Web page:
I'm sure that there is some sort of unwritten rule about quiet hours and respecting those who are trying to sleep.  Perhaps create a rule of silence in the house from 10:30 pm until 10:30 am?  If you want a cup of coffee or make a slice of toast, do so silently (not quietly, as everyone has a different interpretation of what that means).  Lunch can be as loud and funny and crazy as you want.

Do what you need to make it sustainable for you and Paul.  

 
master steward
Posts: 14218
Location: Left Coast Canada
3111
books chicken fiber arts cooking sheep writing
  • Likes 1
  • Mark post as helpful
  • send pies
  • Quote
  • Report post to moderator
I found this interesting article about introverts

it begins,

When you hear the term "introvert," you might imagine someone who's quiet and insular, who likes to spend most of their time alone, avoiding social situations.

But being an introvert isn't really anything to do with how much you like spending time with other people. In fact, introverts can have some of the deepest and most meaningful friendships.

The difference between introverts and extroverts is actually biological, and it comes down to how they unwind after social situations.  

 
Jocelyn Campbell
master steward
Posts: 5643
Location: Missoula, MT
1067
books food preservation forest garden hugelkultur purity
  • Likes 3
  • Mark post as helpful
  • send pies
  • Quote
  • Report post to moderator

r ranson wrote:I found this interesting article about introverts


Thank you.

This part:

One is the right frontal insular cortex, the part of the brain that notices errors. Introverts notice all sorts of details, which makes them self-conscious about the mistakes they are making.


followed by this:

After the event, she added, a socially anxious person will rewind the whole thing in their mind on a loop with all the things they shouldn't have done, or feel bad about, ignoring all the good things. This leads them to want to avoid any future social interactions, because it feels so exhaustingly uncomfortable.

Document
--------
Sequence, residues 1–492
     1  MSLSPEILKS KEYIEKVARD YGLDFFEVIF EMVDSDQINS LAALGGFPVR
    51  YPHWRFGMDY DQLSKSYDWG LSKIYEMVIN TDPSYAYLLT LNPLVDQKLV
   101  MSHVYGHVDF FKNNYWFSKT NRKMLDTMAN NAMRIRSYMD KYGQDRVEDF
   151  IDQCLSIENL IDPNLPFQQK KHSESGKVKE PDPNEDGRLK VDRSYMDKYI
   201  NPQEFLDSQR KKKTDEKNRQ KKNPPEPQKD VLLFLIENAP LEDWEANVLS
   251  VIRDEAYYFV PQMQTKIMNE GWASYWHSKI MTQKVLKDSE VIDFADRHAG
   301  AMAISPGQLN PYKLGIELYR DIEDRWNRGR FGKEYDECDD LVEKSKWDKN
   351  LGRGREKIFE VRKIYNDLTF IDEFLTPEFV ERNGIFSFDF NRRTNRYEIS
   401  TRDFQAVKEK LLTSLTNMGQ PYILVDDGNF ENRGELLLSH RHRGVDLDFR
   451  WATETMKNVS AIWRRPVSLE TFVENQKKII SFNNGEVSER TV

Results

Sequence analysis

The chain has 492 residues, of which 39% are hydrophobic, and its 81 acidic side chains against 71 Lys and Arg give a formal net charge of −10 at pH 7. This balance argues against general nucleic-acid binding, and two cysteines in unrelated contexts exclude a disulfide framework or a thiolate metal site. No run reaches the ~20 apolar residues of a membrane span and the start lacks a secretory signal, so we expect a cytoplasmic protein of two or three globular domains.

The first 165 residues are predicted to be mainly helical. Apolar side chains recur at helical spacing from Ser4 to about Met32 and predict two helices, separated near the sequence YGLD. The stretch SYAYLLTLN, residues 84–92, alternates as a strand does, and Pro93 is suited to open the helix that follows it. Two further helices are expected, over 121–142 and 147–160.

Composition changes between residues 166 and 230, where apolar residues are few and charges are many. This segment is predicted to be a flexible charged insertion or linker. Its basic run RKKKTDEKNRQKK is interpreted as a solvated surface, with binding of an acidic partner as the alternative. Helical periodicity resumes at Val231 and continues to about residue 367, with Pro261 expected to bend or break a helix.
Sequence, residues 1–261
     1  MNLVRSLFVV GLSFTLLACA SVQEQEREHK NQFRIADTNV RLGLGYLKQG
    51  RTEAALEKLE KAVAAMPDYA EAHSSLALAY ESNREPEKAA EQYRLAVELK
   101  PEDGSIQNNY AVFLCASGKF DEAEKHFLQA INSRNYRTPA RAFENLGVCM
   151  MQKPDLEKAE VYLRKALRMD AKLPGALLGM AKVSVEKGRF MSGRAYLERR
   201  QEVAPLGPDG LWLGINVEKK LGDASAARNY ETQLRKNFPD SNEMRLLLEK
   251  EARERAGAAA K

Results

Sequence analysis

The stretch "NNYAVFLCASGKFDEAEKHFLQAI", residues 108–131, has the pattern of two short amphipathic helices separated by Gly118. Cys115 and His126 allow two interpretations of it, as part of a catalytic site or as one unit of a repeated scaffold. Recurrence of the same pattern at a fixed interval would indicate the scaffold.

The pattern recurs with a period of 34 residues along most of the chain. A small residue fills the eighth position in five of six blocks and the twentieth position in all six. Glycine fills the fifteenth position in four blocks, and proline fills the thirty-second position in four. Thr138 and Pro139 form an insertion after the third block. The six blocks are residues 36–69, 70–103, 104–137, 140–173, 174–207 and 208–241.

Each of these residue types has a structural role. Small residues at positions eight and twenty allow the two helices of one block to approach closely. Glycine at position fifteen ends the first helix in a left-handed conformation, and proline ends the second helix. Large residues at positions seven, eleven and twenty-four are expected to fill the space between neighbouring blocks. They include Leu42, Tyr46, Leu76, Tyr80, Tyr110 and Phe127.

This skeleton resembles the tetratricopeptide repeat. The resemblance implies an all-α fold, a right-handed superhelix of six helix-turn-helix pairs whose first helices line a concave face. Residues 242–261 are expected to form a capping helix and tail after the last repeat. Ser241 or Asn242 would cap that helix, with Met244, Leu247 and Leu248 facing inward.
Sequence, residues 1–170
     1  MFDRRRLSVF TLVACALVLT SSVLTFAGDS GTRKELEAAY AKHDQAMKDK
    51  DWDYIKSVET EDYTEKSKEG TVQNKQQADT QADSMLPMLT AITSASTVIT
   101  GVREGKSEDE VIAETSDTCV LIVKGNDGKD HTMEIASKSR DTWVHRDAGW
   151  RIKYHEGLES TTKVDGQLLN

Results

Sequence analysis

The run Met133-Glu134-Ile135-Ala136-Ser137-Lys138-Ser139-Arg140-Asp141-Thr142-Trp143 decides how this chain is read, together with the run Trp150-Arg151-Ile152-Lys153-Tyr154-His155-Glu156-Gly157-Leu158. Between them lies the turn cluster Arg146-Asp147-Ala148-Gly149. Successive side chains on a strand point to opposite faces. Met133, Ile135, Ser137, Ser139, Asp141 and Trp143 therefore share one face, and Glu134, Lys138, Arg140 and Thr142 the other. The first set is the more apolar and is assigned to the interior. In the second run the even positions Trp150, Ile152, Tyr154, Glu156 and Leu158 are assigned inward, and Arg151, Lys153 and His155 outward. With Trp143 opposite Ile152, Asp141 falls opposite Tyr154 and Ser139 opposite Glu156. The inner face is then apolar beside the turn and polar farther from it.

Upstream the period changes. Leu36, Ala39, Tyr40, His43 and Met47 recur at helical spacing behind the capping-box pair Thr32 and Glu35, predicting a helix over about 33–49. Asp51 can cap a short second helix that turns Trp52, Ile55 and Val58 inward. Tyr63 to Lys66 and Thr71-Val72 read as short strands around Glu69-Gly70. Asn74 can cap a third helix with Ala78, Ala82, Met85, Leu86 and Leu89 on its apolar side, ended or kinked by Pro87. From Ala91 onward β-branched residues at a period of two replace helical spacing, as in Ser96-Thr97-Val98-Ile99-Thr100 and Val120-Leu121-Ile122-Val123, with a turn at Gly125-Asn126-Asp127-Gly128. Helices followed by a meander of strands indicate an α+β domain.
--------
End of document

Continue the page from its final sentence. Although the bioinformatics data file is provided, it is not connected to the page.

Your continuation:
This. This is what my mind has done. I used to rewind and berate myself, almost obsessively, after almost every event. It was excruciating!

It took me years decades to alter this pattern of self-recrimination; even after the most innocent/innocuous social interactions. It still happens some, though I am much kinder and forgiving to myself now. I had to learn how to develop that. And just by experience, I learned that some things are really not so bad after all. Thank goodness for aging and maturity. (Ha!)

 
Julia Winter
steward
Posts: 3090
Location: Moved from south central WI to Portland, OR
588
bee bike chicken food preservation hugelkultur urban
  • Likes 1
  • Mark post as helpful
  • send pies
  • Quote
  • Report post to moderator
I feel like I'm more shy now than I was ten years ago.  I'm not sure, I think I may just be exhausted by getting people's stories and dispensing advice all day.  Or, my shy daughter is rubbing off on me?

Regardless, I'm avoiding more things. I always go over to our old house after yoga at the ecovillage on Sunday mornings, and tend to my gardens there.  Today, I walked over there and realized that the renters were hanging out on the back porch, enjoying the beautiful day, and I just turned around and went back to my car at the ecovillage, to do a couple things on the computer first.  

I did eventually go and say hello and tend to my garden (which is a good 40-50 feet from the back deck) but it took some effort.  And, these are friendly people who have been living in community (at the ecovillage) for years before they started renting our old house, so they aren't as bothered as you might think having the landlady show up in the back yard.